Today I got to finally meet SOFIA, the Stratospheric Observatory for Infrared Astronomy. I was selected as an Airborne Astronomy Ambassador (AAA) for SOFIA in January, 2012, and this week I will be at Dryden Aircraft Operations Facility (DAOF) near Palmdale, CA where SOFIA is housed and maintained. I will get to fly aboard SOFIA two times: Tuesday night and Thursday night. It has been a long time coming, and it is finally here!
My flight to Burbank was at 6:00 a.m., so I forced myself to get up at 3:00 and get ready, then my wife drove me to the airport. I checked my bags at the Skycap at Southwest airlines, and I worked through security and down to gate B22 at the end of the terminal. I met up with Carolyn Bushman, my partner on this project. I am bringing quite a bit of audio-video equipment in order to document our experiences and turn it all into a 30 minute video that will be on my YouTube Channel and possibly on the SOFIA website.
We boarded the plane, which was not very full, so we could spread out. This was the first time I had plenty of room for I don’t know how long. But it was too good to be true. As we pulled away from the terminal, the pilot came on to announce there was a mechanical problem and that we had to go back. We waiting for over 30 minutes and they announced that passengers connecting to Burbank would have to disembark and get on another flight, this time connecting through Phoenix instead of Las Vegas. It would get us to Burbank two hours later. We did as requested, and boarded the other plane, which was completely full. Then the pilot of that plane came on to announce there would be a wait due to a missing lens cover on an LED indicator light. After about 45 minutes, we were finally cleared to depart. This wasn’t a very good way to start.
One benefit of this alternate flight was that we flew over Oak City and could see Delta and Deseret well. We flew east of Zion National Park and could see the white layers of Navajo sandstone and the Coral Pink Sand Dunes very well out of our right side seats. We also flew over the western portion of the Grand Canyon.
I called Dana Backman, the lead EPO person for the SOFIA program to tell him we would be late. We arrived at Burbank (flying right over Palmdale) at about 10:30 local time. We met Dana at the baggage claim, where my luggage didn’t arrive. I went into the baggage office and found it was already there, and had arrived long before I did on another flight. Probably our original one. We also met Dan Ruby and Matt Oates from the Reno, Nevada area who would be joining us for this week.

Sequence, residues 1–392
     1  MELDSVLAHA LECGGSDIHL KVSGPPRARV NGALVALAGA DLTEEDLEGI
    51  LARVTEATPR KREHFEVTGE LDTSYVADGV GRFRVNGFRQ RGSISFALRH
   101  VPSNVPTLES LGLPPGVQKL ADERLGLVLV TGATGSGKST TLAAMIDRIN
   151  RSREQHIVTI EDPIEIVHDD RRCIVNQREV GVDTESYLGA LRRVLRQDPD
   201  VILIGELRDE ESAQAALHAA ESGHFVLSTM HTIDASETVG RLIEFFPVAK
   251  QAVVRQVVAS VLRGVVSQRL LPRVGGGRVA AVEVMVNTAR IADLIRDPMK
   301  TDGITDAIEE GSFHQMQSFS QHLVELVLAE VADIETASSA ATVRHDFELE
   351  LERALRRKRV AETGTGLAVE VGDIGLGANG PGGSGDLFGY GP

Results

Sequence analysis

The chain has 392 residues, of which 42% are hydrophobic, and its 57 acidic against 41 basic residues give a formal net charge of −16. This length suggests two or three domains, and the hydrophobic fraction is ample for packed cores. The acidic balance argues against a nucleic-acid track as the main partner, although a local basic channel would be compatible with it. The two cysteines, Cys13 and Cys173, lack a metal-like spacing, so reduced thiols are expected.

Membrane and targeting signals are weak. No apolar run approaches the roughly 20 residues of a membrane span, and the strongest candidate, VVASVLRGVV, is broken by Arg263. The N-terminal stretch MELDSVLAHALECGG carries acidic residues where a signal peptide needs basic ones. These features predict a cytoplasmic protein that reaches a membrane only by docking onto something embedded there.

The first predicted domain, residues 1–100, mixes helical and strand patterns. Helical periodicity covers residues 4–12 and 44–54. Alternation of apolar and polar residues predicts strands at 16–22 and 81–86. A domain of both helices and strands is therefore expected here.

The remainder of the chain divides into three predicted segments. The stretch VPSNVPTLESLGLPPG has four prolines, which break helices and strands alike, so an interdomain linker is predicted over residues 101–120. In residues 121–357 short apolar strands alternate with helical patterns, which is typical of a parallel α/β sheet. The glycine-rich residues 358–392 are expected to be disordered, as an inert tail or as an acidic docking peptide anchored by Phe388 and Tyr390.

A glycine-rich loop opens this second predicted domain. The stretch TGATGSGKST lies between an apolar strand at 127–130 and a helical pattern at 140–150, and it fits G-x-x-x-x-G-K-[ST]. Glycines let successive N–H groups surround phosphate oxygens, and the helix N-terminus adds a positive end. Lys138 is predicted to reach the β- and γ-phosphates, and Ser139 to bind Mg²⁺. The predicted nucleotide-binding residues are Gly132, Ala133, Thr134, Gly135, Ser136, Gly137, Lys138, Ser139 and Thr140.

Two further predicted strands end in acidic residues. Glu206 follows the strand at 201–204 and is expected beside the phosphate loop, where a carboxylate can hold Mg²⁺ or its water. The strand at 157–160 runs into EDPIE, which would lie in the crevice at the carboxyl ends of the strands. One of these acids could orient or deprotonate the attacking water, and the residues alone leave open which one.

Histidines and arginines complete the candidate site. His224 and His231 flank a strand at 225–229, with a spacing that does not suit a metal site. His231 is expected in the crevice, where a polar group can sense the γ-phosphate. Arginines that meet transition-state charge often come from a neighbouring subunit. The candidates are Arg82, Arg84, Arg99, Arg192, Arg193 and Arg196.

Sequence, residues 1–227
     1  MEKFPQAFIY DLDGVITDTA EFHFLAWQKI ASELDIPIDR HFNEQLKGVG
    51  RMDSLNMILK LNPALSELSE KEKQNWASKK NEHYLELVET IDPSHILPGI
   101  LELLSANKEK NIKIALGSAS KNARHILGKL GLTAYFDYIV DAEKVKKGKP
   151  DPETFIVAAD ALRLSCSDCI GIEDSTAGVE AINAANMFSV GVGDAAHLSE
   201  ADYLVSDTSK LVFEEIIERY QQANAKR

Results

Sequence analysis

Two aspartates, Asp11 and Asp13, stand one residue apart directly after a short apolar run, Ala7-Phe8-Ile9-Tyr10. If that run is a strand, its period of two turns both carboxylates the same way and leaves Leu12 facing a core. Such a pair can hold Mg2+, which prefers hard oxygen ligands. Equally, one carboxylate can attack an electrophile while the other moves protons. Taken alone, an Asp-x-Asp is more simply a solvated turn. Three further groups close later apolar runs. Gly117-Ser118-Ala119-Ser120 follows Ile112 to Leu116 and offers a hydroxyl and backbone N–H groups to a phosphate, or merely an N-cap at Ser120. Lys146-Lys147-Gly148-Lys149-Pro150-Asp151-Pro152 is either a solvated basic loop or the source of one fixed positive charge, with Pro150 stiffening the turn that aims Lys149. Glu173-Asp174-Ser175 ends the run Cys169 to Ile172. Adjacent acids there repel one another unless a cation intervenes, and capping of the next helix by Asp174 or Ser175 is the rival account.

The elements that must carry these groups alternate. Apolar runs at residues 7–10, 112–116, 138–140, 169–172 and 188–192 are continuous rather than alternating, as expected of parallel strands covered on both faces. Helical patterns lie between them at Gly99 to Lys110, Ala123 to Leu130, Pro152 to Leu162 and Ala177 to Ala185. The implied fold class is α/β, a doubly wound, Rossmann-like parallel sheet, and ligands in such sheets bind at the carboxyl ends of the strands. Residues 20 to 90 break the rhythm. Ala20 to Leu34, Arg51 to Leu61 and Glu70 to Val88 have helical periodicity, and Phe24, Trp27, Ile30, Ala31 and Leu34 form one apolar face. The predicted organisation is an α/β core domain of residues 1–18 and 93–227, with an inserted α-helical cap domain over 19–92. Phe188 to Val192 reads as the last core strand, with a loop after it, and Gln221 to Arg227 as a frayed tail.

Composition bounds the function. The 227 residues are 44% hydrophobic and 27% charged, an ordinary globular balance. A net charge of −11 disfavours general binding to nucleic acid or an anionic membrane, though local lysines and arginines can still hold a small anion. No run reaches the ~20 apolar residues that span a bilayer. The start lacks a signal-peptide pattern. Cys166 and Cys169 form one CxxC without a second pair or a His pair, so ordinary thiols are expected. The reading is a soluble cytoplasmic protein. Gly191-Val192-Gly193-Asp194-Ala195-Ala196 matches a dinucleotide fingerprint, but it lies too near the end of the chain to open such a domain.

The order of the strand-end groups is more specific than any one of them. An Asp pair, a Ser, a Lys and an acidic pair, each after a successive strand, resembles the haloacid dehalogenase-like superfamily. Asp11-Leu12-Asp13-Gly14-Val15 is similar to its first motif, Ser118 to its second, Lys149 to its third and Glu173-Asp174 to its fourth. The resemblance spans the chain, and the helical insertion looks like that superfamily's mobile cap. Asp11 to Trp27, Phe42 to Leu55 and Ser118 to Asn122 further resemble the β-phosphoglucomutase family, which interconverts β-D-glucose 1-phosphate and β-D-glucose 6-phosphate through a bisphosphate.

Dana gave us our nice NASA blue flight jackets and we drove to I-5 and northwest through the San Fernando Valley, taking Highway 14 north through the San Gabriel Mountains to Palmdale and Antelope Valley. We dropped off our luggage at the Hilton Garden Inn and walked to Olive Garden for lunch. We then drove out to the DAOF facility and got temporary badges. Walking into the main hangar building, we got to meet SOFIA for the first time. She filled up the east end of the hangar, her vertical stabilizer almost brushing the ceiling. We took pictures outside and inside.
We returned to the hotel to relax for a couple of hours, then returned to DAOF for Egress Training at 7:00, which showed us how to exit the plane in case of emergencies. They had equipment that you won’t find on a standard commercial flight, such as a hood that fits over your head that will inflate, various types of breathing systems, survival guides, etc.
We met a graduate student named Marisa who was here from Leyden University in the Netherlands. She will be on board as a GI (Graduate Student Investigator) to collect data on polycyclic aromatic hydrocarbons (PAHs) found in protostars and the interstellar medium. We invited her to dinner with us at Claim Jumper and all had a nice conversation. She told me about a program that can bring in .fits files and assign them to RGB values in a way that’s much easier than trying to convert them to Photoshop.
Since we are going onto vampire time (as astronomers must do), we were to stay up as long as possible. I worked on recording the narration and capturing and editing it for the introduction to my planned video. I went to sleep around 3:15.
I’m very excited to be here and for my first experience flying aboard a mobile telescope. I’ve done some astral photography at Mt. Wilson Observatory (not too far from here) and have visited other observatories and looked through their scopes, but this is a unique experience to fly with NASA’s mobile observatory, one of the Great Observatory missions. SOFIA combines the complexity of a facility-grade telescope with the complexity of a 747SP aircraft which has undergone extensive modifications (including cutting a big hole in the fuselage), with the complexity of the vibration isolation systems and control and data acquisition features unique to this situation. I look forward to tomorrow night to see how it all works.